US Navy Port Authority Soul Band – Scoobe from the Lp Together distributed by the United States Navy
Before I get into today’s post, I want to take some time out and talk about what’s going on at FMF the day after Super Tuesday. I’m hoping that the Fleamarket Funk Family here in the United States went out and exercised your right to express your opinions through vote. Without your voice and vote, you can’t complain at what’s going on around you. No matter what, your vote means something, and with many people in countries who can’t vote, I urge you to take advantage of that. It’s been said that this year’s election will be the most important one of our lifetime, and without getting too political, I’m happy to be a part of it. I will ask this before I bring in the Funk and Soul: Are you ready?
When it comes to finding weird records, there is no shortage of them here in New Jersey. From Airline Flight Patterns to Don’t Talk to Strangers to Local High School Band performances, they seem to always have come my way. This record we have up for review today falls into that category. Ages ago I owned a business that sold streetwear, records, graffiti supplies, and yes, records. There was a record store up the street called Black Cat. It was run by the musician Ari Katz, lead singer of the band Lifetime. He had an eclectic taste in music, and you could always find something in there to your liking. The place closed, but he continued to sell at swap meets, online, etc. It was at the first Record Show at Asbury Lanes that he had a pile of stuff he needed to get rid of. This record was one of them. A quick shout out to the crew at Mass Corporation as the newest member of the family. Let’s take a look at The United States Navy Port Authority Soul Band and “Scoobe” on a US Government issued record.
This past year, Wax Poetics reissued the Holy Grail of cover records, The East of Underground. For those of you fortunate enough to have an extra $1800 or so, you can have the original or you could have paid considerably less for the reissue, but got liner notes, extras, etc. That could be debated in another forum, and well, check the Soul Strut archives for that one, because it was debated heavily. The USNPASB is really the poor man’s East of Underground. I’m ok with it. This band, comprised of 8 members (this is the week for large membered bands I guess) was created to travel around and help with recruiting people into the US Navy. Imagine that, the band comes to your High School or College, they play some funky covers and originals, and then you say: “Hey, the Navy is cool, I want to join!” I don’t think that would work in this day in age, but props to the US Navy for trying to be hip back in the day. As I mentioned earlier, the 8 member band was comprised of trumpet player Don Ledbetter, trombonist Mac Wright, piano/organist Jim Allen, saxophone player Mike Beegle, bassist Richard Reddick, guitarist Norman Clark, drummer David Carradine, and singer Rose Lewis. They would not only travel to recruit, but would travel for social gigs as well, getting rave reviews in the US and abroad. This side comes from their third record entitled Together, although widely distributed (as well as the two others), it has become a bit rare due to the demand. It does contain a few decent tunes, but today I’m going to put out “Scoobe”, which I’ve featured earlier on a FMF Podcast. If any member of the band is still around and would like to comment further on the escapades of the USNPASB, I’d welcome it.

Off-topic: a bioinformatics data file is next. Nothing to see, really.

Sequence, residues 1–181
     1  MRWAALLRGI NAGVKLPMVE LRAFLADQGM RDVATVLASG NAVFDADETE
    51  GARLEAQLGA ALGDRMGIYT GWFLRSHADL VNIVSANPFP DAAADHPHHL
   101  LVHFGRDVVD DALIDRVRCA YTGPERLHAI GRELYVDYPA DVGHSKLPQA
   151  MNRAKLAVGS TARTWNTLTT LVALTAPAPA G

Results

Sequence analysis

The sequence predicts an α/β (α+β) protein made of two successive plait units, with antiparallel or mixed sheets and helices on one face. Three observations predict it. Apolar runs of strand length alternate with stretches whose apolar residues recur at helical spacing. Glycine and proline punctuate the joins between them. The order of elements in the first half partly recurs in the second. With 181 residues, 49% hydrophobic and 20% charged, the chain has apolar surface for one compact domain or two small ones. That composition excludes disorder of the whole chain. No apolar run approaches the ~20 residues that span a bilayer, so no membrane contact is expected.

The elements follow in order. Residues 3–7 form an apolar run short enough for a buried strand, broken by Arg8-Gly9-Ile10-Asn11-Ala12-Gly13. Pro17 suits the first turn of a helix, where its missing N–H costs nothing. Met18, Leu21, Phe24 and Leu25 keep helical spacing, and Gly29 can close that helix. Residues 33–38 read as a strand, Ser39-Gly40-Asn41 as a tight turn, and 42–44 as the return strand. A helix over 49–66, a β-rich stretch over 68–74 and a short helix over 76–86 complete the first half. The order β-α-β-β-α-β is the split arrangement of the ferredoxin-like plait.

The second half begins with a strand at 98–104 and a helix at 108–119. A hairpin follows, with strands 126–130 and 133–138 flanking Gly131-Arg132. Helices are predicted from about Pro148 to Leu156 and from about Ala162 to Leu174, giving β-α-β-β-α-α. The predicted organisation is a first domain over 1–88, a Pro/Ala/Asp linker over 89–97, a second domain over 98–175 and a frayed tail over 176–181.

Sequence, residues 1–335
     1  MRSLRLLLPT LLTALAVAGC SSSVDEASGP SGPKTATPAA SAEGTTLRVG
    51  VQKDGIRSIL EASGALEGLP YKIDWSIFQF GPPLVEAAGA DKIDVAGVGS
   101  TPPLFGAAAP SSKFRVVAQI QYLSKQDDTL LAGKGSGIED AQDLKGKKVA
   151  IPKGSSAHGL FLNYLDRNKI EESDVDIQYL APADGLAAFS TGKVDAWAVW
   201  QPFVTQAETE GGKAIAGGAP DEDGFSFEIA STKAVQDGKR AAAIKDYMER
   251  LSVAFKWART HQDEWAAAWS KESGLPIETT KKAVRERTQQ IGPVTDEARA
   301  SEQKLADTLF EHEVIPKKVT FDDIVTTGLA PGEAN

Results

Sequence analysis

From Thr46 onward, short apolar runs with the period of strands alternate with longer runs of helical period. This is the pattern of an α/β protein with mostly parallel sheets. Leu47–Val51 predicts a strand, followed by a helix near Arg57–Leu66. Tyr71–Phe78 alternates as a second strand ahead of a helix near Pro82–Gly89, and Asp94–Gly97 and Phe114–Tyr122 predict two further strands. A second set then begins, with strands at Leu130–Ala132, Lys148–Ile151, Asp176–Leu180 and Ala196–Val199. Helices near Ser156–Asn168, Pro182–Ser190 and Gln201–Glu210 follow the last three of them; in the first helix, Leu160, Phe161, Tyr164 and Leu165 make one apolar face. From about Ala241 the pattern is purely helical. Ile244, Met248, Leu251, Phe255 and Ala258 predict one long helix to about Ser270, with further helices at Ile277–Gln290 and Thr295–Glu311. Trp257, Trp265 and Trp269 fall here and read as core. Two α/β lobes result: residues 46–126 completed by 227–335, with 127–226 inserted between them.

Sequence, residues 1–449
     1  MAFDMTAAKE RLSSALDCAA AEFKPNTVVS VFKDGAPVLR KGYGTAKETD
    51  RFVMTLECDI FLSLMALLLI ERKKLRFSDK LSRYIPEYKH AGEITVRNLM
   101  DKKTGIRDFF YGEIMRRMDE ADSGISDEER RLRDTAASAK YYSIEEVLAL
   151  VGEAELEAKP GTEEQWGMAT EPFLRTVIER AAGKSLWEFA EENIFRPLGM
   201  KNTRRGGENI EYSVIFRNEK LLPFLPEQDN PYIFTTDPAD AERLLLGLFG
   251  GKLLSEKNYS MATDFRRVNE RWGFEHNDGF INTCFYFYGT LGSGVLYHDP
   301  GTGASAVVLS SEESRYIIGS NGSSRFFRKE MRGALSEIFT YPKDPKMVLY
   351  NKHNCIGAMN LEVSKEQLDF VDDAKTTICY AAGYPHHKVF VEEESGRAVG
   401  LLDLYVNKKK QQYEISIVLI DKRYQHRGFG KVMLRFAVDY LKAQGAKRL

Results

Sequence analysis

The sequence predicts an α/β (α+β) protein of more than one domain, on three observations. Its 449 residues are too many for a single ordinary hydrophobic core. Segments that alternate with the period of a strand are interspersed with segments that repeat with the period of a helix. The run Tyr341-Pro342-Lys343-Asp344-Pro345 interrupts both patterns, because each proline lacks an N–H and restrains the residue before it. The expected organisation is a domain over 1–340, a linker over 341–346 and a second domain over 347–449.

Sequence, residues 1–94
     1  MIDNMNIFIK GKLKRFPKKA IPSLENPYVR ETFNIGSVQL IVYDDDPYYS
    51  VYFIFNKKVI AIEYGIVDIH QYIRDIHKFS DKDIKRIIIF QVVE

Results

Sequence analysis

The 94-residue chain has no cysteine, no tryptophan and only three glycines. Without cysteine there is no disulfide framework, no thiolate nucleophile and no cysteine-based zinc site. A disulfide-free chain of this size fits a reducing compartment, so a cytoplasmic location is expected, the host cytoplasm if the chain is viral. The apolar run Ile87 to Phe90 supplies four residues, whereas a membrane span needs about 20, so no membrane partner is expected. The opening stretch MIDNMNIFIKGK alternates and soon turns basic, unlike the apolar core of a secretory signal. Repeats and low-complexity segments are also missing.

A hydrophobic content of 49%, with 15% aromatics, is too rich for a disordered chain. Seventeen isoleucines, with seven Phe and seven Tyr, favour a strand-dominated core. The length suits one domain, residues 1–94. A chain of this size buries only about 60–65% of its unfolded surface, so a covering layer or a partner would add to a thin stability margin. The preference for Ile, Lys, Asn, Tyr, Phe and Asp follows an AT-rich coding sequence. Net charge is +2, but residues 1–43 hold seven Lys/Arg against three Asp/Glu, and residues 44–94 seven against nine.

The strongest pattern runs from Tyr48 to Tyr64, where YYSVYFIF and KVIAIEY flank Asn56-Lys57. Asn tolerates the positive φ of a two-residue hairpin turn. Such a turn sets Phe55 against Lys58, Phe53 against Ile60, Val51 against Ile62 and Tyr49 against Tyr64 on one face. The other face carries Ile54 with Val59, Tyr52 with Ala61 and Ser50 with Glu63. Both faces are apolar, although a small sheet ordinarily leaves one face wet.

“Scoobe” is a nice little upbeat number, where the Port Authority Band’s horn section plays back and forth with Rose Lewis’s cooing and sultry voice. Rose’s background in Pop and Gospel definitely shine through on this tune. It definitely reminds me of any number of early 70’s horn sections, except a notch lower. I’m not saying they are bad musicians at all, but it’s the raw, almost semi-pro feel of the tunes makes this record a keeper. Don’t get me wrong, the musicians on this record, while not seasoned vets are all experienced all the same. Whether playing in Navy marching bands, performing at the White House solo, or as members of earlier Navy bands The Commanders, it looks as if the USN knew how to put a recruitment band together. Don’t sleep on the military bands or odd records, you never know what you might find! Keep Diggin’!